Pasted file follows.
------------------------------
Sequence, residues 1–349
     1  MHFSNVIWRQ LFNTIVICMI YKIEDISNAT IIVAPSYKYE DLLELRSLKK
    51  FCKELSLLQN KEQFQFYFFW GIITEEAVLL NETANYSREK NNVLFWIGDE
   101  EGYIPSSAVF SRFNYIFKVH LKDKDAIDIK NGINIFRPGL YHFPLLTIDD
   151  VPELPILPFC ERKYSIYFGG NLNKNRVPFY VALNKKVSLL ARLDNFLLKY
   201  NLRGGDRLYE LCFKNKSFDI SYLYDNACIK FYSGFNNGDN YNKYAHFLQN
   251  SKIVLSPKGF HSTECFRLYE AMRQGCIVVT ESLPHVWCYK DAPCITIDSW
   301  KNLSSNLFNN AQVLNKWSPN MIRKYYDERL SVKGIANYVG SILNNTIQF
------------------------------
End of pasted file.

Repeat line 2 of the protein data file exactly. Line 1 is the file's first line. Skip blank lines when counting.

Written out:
     1  MHFSNVIWRQ LFNTIVICMI YKIEDISNAT IIVAPSYKYE DLLELRSLKK